Networks form as a means of propagation. Spider mites thrive in hot and dry conditions.
Figure 14.Spider mites with webbing.
While thrips are uncommon among houseplants, they primarily feed on patio and other outdoor plants (Figure 15). Thrips are small, slender, 1/25 inch to 1/12 inch long, and tan, black, or tan with lighter markings. Adults and larvae feed on shoot tips, flowers and leaves by sucking sap and cell contents. Injured tissue has a whitish or silver-speckled appearance due to light reflecting off the empty cell walls of dead cells.
What to do with plant problems?
- The best method is prevention - buy pest-free plants.
- Remove a light infestation of mealybugs or aphids with a cotton swab dipped in rubbing alcohol.
- If outdoor conditions permit, move the affected houseplant outside to a sheltered area where natural predators will eventually come and rid the plant of the pest.
- Treat with insecticidal soap. Best results are achieved with plants that have been hardened in the indoor environment. New plants, unless acclimated (used to lower levels of light, fertilizer and water), will become tender and should be treated after the first few weeks. Add 2 teaspoons of insecticidal soap per gallon of water and wipe down leaves and stems with the soapy water and a soft cloth.
- A severe infestation may be too extensive to treat. Throw these plants away and don't put them on your compost pile.
- Do not bring beneficial insects into the house! They can do well in the greenhouse with large numbers of plants and pests, but there just isn't enough food in your home to sustain their population. Most pests can be controlled culturally on houseplants without the use of chemicals.
Another potential problem in indoor gardening is the appearance of various diseases. For disease to occur, three factors must be present: (1) a susceptible plant, (2) a viable pathogen, and (3) a favorable environment. Because the home has a very low relative humidity and water is often applied directly to the growing medium (keeping the foliage dry), the chances of leaf disease developing is minimal.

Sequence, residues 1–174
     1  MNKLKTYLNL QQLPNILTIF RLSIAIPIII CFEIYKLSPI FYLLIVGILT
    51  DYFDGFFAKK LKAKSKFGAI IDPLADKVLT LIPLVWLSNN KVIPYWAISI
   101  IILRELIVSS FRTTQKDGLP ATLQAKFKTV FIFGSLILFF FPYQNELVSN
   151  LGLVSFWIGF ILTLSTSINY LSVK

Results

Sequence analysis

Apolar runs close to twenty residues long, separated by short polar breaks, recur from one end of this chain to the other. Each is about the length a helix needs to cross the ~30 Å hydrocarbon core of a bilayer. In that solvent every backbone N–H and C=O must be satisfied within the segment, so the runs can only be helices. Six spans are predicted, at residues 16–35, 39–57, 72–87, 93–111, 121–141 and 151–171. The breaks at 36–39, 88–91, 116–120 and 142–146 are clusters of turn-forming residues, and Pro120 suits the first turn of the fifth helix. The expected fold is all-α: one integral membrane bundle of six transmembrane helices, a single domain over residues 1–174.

Leaf spot is the most common problem, but it's not usually caused by a disease. Leaf scalding, for example, occurs when water droplets on the leaves act as lenses, focusing excessive light on a spot, bleaching the chlorophyll and killing the underlying tissue. Patches with patterns are signs of disease, including a brown center, dark borders, and/or light borders called "halos." Dark structures may be present on the underside; these contain a dispersal agent called spores.
Figure 16.Bacterial diseases cause spots, soft spots and wilting. The signs of fungal disease are sooty mold, rust, mildew, rot, canker, spot and wilt. Viral diseases cause mottling, distortion, and dwarfism.
The most important thing is to avoid stress on the plants. A healthy plant is much more likely to fight a disease than a stressed one. Use a simplified key to identify the causative agent of a disease (Figure 16).
Soil borne pathogens are often found on stressed plants. Soil-borne pathogens attack plants at or below the soil line; The development of the disease is usually well advanced before symptoms are observed on parts of the plant above ground. Soil diseases are common when the growing medium is kept overly wet and fertility is high. Low light and overwatering create favorable environments for indoor soilborne diseases.
The most common causes of indoor stress are too little light and too much water.
Summary of cultural maintenance
Table 3 lists more than 200 plants and their cultural requirements. To summarize cultural care guidelines, the following abbreviations and coding numbers are used. These guidelines apply to actively growing houseplants.
L = light
- Sunny light areas: At least 4 hours of direct sun
- Bright Areas: Above 200 ft-c but no direct sun
- Medium light areas: 75 ft-c to 200 ft-c
- Dimly lit areas: 25 ft-c to 75 ft-c
T = Temperature
- Cool: 50°F night, 65°F daytime temperature
- Average: 65°F night, 75°F daytime temperatures
- Warm: 70°F nighttime, 85°F daytime temperature
H = relative humidity
- High: 50% or higher
- Average: 25% to 49%
- Low: 5% to 24%
W = irrigation
- Keep soil mix moist